User:ZooFari/Problem tags

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Some users often misuse, in my opinion, the problem tags of {{no permission}}, {{no source}} (a big one), and {{no license}} (not so much with this one). Even {{Copyvio}} is often used inefficiently. I know this for a fact because I clean these backlogs almost daily, and the errors that some users commit make this job harder and tedious. I'm writing this here because there is nowhere else to express this problem. It has been brought up on the administrators' noticeboard on several occasions, with some users agreeing and others not fixing their problems. If you are reading this, let this be a guide to avoid risking driving new users away with misused tags that misinform or otherwise accuse them for something that might not even be true.

Copyvio vs No permission[edit]

Our deletion policy fails to define what a copyright violation is. A copyright violation is simply a violation in one's copyright rights. Simple isn't it? If you take a photo and do not release it freely, you would be pissed off if someone copied your image and uploaded it to Facebook claiming that it is their own. That's a copyright violation. But what if the person attempts to give you credit by linking to your website, or putting a caption with your name on it? Different situation, isn't it? This happens on Commons all the time. It is still a copyright violation even if attribution is given, because the author did not grant a release to a license where attribution is okay.

We developed a problem tag for situations like this. While it is still a copyright violation, using the {{no permission}} describes the problem and notifies the uploader more efficiently. This doesn't mean that admins can just go on to the no permission backlog and start speedy deleting files. It has become a norm to use copyvio and no permission without much interference, even if no policy describes the copyvio vs. no permission situation.

When an uploader provides a source other than "own work" and an author other than her/himself, we can now assume good faith that the uploader did not intend to violate the author's rights. The uploader may simply lack knowledge about copyright. That's why we use 'no permission' since it is a bit more informative about what's going on, unlike copyvio which just tells the user "oh, you uploaded a copyvio so it's going to be deleted". Would you prefer to tell the uploader that he or she needs permission, or paste an annoying template with big bold letters Pay attention to copyright? Well, maybe sometimes the annoying template but it's not worth it :).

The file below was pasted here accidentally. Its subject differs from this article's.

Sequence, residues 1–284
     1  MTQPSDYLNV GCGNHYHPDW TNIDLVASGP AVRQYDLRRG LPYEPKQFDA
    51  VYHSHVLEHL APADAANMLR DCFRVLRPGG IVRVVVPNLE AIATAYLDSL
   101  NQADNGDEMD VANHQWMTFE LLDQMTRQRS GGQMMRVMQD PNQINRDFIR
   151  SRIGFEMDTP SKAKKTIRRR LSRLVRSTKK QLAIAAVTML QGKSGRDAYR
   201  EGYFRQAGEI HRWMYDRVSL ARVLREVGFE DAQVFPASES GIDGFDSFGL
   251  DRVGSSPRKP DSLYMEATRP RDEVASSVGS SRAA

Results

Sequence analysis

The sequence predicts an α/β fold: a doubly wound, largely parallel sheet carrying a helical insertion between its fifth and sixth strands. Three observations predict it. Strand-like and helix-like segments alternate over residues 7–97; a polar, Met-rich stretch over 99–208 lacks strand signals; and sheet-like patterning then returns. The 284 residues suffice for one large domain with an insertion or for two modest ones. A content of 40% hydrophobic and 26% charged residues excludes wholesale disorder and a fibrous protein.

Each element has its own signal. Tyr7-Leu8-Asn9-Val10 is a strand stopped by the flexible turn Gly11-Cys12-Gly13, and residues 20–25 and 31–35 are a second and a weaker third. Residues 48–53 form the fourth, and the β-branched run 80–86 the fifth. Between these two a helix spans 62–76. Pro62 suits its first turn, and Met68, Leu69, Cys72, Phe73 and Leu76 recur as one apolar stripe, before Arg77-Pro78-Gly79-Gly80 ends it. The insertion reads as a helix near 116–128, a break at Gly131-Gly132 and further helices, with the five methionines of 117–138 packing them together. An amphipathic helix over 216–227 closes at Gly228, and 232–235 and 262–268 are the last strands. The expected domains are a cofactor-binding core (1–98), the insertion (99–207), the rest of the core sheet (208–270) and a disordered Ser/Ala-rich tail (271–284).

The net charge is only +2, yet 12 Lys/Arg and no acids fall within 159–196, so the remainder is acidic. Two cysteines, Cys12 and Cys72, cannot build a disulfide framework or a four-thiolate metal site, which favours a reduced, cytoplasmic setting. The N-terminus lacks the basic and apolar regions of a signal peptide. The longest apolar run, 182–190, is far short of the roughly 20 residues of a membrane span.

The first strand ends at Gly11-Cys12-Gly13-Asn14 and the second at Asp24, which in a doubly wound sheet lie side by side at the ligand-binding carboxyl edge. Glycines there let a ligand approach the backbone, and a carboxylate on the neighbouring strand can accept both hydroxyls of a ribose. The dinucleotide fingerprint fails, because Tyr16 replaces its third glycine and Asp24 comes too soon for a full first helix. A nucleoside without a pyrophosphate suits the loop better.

Vise versa[edit]

What about tagging files with no permission when it should be copyvio? Suppose an image of yours is uploaded, and the uploader gives 100% credit to himself. No links, no nothing. Our upload forms and wizard emphasizes that you cannot upload others' work without permission. The old upload form gives an option link "I created this work entirely myself". Not so much about assuming good faith anymore, ain't it? If you use TinEye or any other evidence that convinces you about a blatant copyright violation, it is okay to just speedy delete it. It is unlikely that the uploader will seek permission. It is preferred to use copyvio rather than no permission, because the people clearing the backlogs may not see the evidence about not being "own work". {{Copyvio}} allows you to mention the reason or link, making admins' work easier.

When neither is okay[edit]

When you tag an image with no permission or copyright violation, you are expected to have evidence of why those tags are justified. If the image is lingering around the Internet, the link is considered evidence of copyright violation. Using TinEye or GoogleImages script aids with this. If the image is a registered trademark, logo, album cover, etc then we could assume it is a copyright violation where permission is unlikely to be granted. Those files too, can be deleted as copyright violation. If the file is your own, I believe you need to send OTRS email or have an admin willing to delete it. If an uploader provides a source and author other than his own, then that's enough to use 'no permission'.